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Tag archives for Mongolia
By Joe Kiesecker, Scientist for Lands Conservation, The Nature Conservancy Note: This is the second article in a series on “energy sprawl,” the conversion of new land for energy production. Read the first installment here. A mysterious and untimely death is not what first comes to mind when I think about wildlife conservation. But the…
Post submitted by Matthias Fiechter. GPS collars will allow Snow Leopard Trust researchers to better understand the elusive species. In a remarkably successful expedition, three more snow leopards have been equipped with GPS collars in the Tost Nature Reserve in Mongolia’s South Gobi province this April. Two of them are male, and one is female. They’re…
It is amazing that we still know so little about one of the world’s great cats. However, our knowledge and efforts on behalf of what was once a near mountain phantom are growing, even as the snow leopard helps to bring communities, government, and the international community together. On this International Snow Leopard Day, there is a growing sense that we may be able to save one of the last great wildernesses in Asia, and the great cat that defines it.
The Pallas’s cat is a mysterious, small and little known wild cat species living in the steppes and mountains of Central Asia. Through a new research initiative “PICA” (Pallas’s Cat International Conservation Alliance) launched earlier this year, conservationists are hoping to better understand this feline. The project is still in its early stages, but it has already produced some outstanding, rare footage of Pallas’s cats, including this video of wild cubs.
What’s it like to live among modern Mongolian nomads? From throwing himself into traditional wrestling matches where he faces certain crushing defeats to riding galloping horses across the Mongolian steppe, National Geographic grantee Chris Bashinelli tries to find out.
Peer inside ancient burial mounds and discover a connection that goes back two thousand years before Genghis Khan.
Cross-cultural explorer and National Geographic grantee Chris Bashinelli tried to live as Mongolian nomad for a month and found himself face-to-butt with the nomads’ livestock. He quickly discovered that “when your face is a few inches from a cow’s teat and a few feet away from the cow’s kicking legs, it isn’t exactly the most comforting environment.”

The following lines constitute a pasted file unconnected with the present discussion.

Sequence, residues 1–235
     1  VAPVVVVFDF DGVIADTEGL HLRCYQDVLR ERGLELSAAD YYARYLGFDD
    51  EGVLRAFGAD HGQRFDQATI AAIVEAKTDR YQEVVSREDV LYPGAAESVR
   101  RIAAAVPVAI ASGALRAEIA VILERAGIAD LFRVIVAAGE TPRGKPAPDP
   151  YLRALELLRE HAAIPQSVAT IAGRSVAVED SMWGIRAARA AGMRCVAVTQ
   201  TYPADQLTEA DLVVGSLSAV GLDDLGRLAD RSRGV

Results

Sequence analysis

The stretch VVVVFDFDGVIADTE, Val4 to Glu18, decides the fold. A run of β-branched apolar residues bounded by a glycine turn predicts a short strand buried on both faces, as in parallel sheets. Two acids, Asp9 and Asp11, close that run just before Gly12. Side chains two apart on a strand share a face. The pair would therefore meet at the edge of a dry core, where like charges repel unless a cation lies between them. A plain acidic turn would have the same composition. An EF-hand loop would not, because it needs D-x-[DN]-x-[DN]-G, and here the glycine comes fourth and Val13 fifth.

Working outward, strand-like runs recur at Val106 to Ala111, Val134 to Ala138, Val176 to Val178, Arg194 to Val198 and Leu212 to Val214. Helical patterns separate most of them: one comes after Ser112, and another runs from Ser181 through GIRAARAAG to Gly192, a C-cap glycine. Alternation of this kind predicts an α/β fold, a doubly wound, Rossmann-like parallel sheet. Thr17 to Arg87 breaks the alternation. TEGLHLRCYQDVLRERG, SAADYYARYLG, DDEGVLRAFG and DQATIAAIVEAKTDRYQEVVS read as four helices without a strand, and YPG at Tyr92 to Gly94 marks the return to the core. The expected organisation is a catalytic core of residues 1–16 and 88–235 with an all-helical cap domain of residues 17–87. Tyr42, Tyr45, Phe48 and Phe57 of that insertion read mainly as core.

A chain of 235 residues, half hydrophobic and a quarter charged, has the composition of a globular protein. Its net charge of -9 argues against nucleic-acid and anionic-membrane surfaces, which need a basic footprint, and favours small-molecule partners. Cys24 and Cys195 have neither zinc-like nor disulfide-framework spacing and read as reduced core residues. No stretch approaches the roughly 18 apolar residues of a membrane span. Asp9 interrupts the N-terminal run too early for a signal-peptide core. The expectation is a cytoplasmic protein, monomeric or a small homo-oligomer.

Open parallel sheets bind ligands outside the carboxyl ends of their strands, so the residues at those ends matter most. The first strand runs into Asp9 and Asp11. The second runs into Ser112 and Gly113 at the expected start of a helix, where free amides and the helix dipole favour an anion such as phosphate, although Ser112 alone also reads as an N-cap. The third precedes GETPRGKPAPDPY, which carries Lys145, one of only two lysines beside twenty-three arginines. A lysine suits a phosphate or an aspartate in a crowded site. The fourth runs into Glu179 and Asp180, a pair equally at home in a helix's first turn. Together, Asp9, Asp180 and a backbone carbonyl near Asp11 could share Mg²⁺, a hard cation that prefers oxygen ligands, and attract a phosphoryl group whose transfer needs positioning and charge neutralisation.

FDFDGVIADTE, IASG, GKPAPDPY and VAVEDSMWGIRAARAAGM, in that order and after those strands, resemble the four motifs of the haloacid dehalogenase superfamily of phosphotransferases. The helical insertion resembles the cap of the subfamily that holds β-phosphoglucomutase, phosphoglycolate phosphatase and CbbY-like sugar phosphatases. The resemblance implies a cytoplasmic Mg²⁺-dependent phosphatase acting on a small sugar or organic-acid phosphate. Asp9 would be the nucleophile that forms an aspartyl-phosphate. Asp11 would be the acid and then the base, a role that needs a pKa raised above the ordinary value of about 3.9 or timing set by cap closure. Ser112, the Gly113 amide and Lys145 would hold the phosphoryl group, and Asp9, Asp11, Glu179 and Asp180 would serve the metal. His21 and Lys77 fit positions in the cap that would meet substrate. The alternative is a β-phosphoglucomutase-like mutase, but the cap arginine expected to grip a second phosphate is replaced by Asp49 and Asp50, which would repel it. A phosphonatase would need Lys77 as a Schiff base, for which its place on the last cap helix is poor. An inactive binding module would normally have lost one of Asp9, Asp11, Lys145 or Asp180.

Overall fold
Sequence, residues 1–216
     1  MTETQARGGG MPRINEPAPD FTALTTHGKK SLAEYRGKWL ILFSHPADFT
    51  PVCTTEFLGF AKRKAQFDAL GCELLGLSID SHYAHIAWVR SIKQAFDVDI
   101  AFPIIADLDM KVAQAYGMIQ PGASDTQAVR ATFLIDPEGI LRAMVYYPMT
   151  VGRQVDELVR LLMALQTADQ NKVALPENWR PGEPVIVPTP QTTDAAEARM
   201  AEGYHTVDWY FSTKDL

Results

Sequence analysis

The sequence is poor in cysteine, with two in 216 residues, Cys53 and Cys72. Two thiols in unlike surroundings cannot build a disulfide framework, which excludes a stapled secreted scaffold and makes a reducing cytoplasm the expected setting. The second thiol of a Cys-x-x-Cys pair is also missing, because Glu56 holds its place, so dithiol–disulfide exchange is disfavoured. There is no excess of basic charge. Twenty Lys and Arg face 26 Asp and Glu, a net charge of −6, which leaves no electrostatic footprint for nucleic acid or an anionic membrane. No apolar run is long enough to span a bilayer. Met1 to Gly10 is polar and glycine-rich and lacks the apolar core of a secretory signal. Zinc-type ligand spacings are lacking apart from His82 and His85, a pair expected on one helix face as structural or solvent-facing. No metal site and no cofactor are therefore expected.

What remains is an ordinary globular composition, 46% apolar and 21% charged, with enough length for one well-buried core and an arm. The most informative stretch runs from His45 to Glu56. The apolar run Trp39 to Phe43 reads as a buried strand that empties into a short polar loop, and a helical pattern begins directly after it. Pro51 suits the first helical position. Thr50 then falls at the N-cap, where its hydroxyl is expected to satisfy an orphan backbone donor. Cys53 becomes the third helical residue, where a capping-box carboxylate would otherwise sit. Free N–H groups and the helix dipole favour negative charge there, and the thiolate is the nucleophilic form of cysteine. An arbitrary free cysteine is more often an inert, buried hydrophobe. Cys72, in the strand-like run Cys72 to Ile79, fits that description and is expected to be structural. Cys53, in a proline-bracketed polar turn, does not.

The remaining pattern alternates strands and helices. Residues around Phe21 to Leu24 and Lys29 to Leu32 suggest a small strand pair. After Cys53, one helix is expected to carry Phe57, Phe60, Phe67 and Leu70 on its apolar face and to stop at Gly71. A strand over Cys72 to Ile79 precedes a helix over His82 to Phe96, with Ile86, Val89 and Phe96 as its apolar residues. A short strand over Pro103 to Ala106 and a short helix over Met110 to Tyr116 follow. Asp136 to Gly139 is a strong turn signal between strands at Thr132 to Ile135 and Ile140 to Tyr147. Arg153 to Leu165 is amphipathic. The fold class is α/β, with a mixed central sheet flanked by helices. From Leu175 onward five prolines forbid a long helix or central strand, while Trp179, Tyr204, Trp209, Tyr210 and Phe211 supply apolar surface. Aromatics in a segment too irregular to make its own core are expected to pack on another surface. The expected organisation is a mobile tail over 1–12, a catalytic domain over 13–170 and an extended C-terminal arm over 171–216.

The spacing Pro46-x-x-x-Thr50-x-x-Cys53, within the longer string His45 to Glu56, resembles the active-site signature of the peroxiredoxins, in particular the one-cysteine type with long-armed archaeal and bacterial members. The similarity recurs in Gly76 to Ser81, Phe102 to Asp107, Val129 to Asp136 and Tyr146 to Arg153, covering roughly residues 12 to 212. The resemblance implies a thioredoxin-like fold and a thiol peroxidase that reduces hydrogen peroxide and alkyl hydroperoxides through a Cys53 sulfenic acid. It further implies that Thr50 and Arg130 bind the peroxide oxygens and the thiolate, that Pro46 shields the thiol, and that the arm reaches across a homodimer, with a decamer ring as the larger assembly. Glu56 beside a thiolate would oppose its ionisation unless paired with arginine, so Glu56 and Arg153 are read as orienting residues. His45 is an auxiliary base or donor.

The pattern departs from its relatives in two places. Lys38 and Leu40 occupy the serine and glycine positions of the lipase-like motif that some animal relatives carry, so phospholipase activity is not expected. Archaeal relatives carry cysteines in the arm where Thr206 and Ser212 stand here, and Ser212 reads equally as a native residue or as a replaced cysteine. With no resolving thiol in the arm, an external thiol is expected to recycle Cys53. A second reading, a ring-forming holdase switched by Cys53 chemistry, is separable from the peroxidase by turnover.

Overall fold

Snow Leopard Trust researchers have been able to follow and observe a young female snow leopard named Anu over the course of four years as she grew up, dispersed from her mother and later had cubs herself twice in her mountain habitat in Mongolia’s South Gobi. Recent camera-trap photos show Anu followed by three small…
Dedicated to exploring the connections between society and the environment, Saleem H. Ali reflects on a visit to a small mining town in Mongolia which hosts a diverse cultural heritage and is planning for a sustainable future.
An all-women expedition team puts their own spin on “female bonding” when faced with unrelenting physical threats and emotional exhaustion during a 2,700-mile trip down the Amur River in Mongolia.
NG Emerging Explorer Gregg Treinish tracks down wild wolverines to sniff out what their scat can tell us about them and their world.
Rare footage of wild snow leopards taken in the Tost mountain range in Mongolia’s South Gobi province shows a vibrant population of these endangered cats – including a mother with three cubs. Click the image or read the whole post for video footage.
National Geographic Grantee Hannah Reyes is a photojournalist curious about cultures in transition—how old traditions are surviving, what remains under broader social pressure, and the new forms emerging through the fusion, interaction and conflict of cultures. Mongolian herders are one such culture.
Gregory M. Mueller, Ph.D. Chief Scientist and Negaunee Foundation Vice President of Science Chicago Botanic Garden Fresh off a particularly harsh winter in the Midwest, we at the Chicago Botanic Garden are excitedly watching the flowers in our 30 gardens and natural habitat areas as they continue to bloom. The grounds at the Garden are…